Tuesday, April 21, 2015

Top Ten ALL TIME Favorite Authors

Hosted by The Broke and Bookish
This is like an impossible task, so I've set myself some rules:

1. I have to have loved (or pretty damn close to) everything I read by this author.
2. I have to have read more than one series (or book if they don't have series) and at least half of their published novels or series. (So not counting essays, short stories, or novellas.)

This has knocked out some serious contenders that I would have otherwise listed like Jane Austen (I love two of her books, thought the third was ok, HATED the fourth, can't bring myself to finish the fifth, and just need to dive into the sixth!) and both J.K. Rowling and Sarah J. Maas (who I've only read one series from as of yet).

Tamora Pierce

What She's Written: She's probably best known for her first books, The Song of the Lioness Quartet

Why I Love Her:  She's the most dedicated author I know of who consistently includes EVERY sort of diversity throughout her books. (Seriously - race, LGBTQA, body shape - she's got it all).  She also has such a wide variety of heroines (and heroes), is sex positive, has got some wicked world-building after spending 30 books exploring her realms.  Technically she should be disqualified since I finished Mastiff yesterday, and I super crazy hated the ending, but she could do anything at this point and I would still love her books to the ends of the earth.  After all, one in thirty books is pretty damn good!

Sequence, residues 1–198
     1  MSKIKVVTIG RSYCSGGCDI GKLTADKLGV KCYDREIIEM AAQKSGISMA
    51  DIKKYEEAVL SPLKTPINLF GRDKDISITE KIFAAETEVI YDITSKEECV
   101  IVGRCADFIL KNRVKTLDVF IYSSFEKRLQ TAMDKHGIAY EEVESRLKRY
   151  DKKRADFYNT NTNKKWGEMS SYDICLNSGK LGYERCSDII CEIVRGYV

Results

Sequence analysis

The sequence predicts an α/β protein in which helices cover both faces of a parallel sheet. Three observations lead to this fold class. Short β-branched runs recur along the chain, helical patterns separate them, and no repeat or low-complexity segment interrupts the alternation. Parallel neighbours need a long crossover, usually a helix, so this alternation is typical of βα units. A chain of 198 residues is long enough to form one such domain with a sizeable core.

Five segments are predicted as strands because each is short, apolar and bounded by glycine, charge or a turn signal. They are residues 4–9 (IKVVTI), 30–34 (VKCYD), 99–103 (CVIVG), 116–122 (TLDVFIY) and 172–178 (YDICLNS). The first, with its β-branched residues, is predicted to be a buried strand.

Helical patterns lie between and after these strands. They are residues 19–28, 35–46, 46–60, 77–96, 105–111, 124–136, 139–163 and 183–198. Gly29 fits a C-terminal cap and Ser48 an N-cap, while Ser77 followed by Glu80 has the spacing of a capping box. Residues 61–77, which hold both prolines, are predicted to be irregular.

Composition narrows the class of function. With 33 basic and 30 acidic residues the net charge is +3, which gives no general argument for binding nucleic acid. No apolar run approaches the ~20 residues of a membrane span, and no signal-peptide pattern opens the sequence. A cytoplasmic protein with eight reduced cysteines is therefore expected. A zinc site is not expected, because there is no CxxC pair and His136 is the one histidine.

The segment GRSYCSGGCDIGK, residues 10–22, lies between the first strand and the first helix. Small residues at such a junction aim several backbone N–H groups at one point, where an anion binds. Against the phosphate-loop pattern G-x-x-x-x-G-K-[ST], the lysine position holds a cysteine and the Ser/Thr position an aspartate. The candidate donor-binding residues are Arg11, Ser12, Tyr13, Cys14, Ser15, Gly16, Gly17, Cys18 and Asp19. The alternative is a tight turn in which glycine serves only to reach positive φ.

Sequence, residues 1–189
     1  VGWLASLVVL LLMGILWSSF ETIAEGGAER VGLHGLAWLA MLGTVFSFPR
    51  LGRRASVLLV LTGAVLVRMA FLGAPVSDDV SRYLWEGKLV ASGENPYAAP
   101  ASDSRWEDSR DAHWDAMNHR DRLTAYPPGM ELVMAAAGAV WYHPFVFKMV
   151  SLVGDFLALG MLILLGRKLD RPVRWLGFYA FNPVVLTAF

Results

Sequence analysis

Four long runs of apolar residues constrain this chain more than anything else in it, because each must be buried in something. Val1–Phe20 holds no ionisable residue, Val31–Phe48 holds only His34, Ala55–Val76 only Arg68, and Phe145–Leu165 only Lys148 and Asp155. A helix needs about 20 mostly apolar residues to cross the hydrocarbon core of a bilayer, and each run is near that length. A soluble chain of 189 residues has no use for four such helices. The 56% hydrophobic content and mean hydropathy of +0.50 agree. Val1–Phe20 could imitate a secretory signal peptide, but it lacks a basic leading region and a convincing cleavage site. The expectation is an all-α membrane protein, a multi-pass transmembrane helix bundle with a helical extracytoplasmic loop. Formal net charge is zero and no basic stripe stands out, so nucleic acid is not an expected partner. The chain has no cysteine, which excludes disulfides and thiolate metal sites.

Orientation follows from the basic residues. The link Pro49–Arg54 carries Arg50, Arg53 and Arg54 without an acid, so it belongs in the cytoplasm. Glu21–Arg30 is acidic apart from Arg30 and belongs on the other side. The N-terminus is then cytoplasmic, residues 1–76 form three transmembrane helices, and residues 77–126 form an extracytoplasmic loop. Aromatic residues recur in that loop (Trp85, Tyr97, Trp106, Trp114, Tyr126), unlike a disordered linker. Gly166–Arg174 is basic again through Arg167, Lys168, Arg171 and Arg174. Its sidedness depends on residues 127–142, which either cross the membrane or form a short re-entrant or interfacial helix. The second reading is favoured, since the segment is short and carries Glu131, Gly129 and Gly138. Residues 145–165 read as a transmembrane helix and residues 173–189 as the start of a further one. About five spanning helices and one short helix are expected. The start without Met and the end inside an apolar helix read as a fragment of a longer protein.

Robin McKinley 

What She's Written: She's probably best known for her award winning book, The Hero and the Crown

Why I Love Her: She has pretty much my favourite fairy tale retellings. She also has gorgeous prose and imaginative characters and worlds - she's written in very different styles and genres too. She's the only other author on this list that I will forgive pretty much anything as well.  (If I can get over that cliffhanger in Pegasus, I can survive anything she throws my way). She also has a highly entertaining blog.

Roald Dahl 

What He's Written: Puhlease. Like you don't know who this is. My personal favourite is The BFG!

Why I Love Him:  Roald Dahl's books are the perfect mix of ridiculousness and truth.  He also never speaks down to his audience - his writing always treats kids as if they are equal, and trust me - kids KNOW when you're talking down to them, and they don't like it.

Libba Bray